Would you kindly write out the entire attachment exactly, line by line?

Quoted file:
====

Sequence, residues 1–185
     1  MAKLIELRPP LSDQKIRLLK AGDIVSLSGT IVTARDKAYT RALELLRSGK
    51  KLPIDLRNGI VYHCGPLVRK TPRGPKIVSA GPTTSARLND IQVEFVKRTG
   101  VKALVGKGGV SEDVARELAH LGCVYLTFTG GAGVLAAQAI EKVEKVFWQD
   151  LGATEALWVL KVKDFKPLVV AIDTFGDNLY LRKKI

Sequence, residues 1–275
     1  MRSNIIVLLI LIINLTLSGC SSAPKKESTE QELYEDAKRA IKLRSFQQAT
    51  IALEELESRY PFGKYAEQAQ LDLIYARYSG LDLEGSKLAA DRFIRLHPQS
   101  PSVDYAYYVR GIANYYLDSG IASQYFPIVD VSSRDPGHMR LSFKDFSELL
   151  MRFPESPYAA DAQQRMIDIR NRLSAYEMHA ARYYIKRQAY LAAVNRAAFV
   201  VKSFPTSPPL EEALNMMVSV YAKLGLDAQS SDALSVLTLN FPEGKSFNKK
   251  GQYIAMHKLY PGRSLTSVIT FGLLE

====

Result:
Sequence, residues 1–185
     1  MAKLIELRPP LSDQKIRLLK AGDIVSLSGT IVTARDKAYT RALELLRSGK
    51  KLPIDLRNGI VYHCGPLVRK TPRGPKIVSA GPTTSARLND IQVEFVKRTG
   101  VKALVGKGGV SEDVARELAH LGCVYLTFTG GAGVLAAQAI EKVEKVFWQD
   151  LGATEALWVL KVKDFKPLVV AIDTFGDNLY LRKKI

Sequence, residues 1–275
     1  MRSNIIVLLI LIINLTLSGC SSAPKKESTE QELYEDAKRA IKLRSFQQAT
    51  IALEELESRY PFGKYAEQAQ LDLIYARYSG LDLEGSKLAA DRFIRLHPQS
   101  PSVDYAYYVR GIANYYLDSG IASQYFPIVD VSSRDPGHMR LSFKDFSELL
   151  MRFPESPYAA DAQQRMIDIR NRLSAYEMHA ARYYIKRQAY LAAVNRAAFV
   201  VKSFPTSPPL EEALNMMVSV YAKLGLDAQS SDALSVLTLN FPEGKSFNKK
   251  GQYIAMHKLY PGRSLTSVIT FGLLE